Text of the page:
Date of Graduation

Fall 2009

Degree

Master of Science in Biology

Department

Biology

Committee Chair

Don Moll

Keywords

Sternotherus odoratus, Macroclemys temminckii, Rathke's glands, chemosensory, conspecific communication

Subject Categories

Biology

Abstract

All marine and most freshwater turtle species possess Rathke's glands. These glands exhibit similar morphological and histochemical properties across many species and release small amounts of odorous secretion. The function of this secretion is unknown, however several hypotheses exist. This study was designed to investigate the role of Rathke's secretions of Sternotherus odoratus as a conspecific alarm cue and as a chemical cue used in courtship. Turtles were collected and randomly assigned to one of four treatments, including a control treatment (n=10), a predatory treatment (n=10), and two conspecific treatments. One conspecific treatment utilized stimuli from turtles with sealed Rathke's glands (n=18), while the other treatment utilized stimuli from turtles with functional Rathke's glands (n=17). There was a significant difference among treatments in latency to feed and in time spent feeding. Turtles receiving stimuli from a predator, Macroclemys temminckii, spent significantly less time feeding than turtles that received stimulus from a conspecific with sealed Rathke's glands. No significant interactions were found between conspecific treatment and gender. The results of this study lend support to the hypothesis that Rathke's gland secretions from S. odoratus function as a conspecific alarm cue.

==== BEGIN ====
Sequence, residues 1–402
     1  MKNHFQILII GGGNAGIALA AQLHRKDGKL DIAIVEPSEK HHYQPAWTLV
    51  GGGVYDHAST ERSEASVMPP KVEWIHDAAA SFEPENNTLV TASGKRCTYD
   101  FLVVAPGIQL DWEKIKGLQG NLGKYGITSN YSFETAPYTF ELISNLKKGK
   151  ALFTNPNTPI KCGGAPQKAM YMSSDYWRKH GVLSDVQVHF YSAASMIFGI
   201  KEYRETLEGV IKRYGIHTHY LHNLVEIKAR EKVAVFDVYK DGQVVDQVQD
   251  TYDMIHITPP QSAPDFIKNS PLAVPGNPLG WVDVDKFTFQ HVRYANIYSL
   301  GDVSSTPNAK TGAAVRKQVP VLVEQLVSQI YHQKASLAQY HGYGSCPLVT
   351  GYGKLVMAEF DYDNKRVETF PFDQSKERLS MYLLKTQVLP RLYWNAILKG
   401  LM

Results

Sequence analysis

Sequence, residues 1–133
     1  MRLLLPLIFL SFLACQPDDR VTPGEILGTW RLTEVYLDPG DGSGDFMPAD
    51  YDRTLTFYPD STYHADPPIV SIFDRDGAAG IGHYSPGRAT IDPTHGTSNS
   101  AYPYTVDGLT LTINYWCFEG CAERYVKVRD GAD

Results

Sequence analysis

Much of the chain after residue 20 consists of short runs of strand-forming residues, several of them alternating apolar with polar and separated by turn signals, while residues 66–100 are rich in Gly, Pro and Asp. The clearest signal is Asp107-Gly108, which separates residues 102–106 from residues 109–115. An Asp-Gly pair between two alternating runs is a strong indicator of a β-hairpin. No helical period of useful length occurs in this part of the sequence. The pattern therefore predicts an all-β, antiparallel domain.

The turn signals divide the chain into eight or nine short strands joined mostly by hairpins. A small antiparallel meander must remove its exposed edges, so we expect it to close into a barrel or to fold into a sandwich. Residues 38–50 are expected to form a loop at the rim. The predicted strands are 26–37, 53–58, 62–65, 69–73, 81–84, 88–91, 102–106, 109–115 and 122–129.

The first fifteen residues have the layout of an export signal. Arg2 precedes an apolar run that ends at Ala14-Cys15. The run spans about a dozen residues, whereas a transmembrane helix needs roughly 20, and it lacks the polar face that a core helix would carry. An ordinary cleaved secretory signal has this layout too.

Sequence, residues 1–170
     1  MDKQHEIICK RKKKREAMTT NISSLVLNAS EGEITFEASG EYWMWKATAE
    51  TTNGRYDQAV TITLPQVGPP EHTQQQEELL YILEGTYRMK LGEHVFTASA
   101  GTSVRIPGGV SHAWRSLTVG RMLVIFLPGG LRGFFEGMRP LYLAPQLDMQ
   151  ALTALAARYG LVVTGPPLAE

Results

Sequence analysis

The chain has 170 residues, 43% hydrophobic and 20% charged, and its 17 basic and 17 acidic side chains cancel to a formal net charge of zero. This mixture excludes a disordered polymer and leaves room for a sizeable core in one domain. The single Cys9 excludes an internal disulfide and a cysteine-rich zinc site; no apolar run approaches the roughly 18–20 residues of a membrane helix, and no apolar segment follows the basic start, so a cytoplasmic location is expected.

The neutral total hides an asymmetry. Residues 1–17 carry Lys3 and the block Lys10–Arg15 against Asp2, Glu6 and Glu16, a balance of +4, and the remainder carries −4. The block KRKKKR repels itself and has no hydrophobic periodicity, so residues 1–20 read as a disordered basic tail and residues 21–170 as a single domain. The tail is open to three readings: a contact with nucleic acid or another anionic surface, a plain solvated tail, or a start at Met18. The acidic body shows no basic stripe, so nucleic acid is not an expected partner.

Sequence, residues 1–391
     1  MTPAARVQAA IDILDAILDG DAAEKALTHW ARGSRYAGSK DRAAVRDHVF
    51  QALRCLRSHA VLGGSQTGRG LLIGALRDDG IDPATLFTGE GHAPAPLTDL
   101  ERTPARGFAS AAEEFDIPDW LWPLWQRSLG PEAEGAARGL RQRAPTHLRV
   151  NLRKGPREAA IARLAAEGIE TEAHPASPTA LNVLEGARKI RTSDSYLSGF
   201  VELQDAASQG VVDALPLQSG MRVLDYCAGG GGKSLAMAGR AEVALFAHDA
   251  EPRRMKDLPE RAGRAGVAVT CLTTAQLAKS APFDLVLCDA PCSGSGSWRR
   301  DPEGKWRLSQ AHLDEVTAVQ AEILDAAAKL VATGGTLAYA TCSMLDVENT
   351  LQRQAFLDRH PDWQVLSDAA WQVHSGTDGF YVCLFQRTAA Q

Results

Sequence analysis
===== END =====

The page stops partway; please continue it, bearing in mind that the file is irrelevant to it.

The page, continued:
Copyright

© Holly Jeane Monroe

Campus Only

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